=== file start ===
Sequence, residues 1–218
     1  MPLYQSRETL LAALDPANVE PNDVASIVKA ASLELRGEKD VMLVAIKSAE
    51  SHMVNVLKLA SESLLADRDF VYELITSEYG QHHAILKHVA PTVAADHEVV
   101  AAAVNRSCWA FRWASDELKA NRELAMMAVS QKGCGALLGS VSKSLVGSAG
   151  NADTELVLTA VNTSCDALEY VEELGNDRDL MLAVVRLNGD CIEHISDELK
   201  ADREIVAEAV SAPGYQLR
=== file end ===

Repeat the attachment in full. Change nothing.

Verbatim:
Sequence, residues 1–218
     1  MPLYQSRETL LAALDPANVE PNDVASIVKA ASLELRGEKD VMLVAIKSAE
    51  SHMVNVLKLA SESLLADRDF VYELITSEYG QHHAILKHVA PTVAADHEVV
   101  AAAVNRSCWA FRWASDELKA NRELAMMAVS QKGCGALLGS VSKSLVGSAG
   151  NADTELVLTA VNTSCDALEY VEELGNDRDL MLAVVRLNGD CIEHISDELK
   201  ADREIVAEAV SAPGYQLR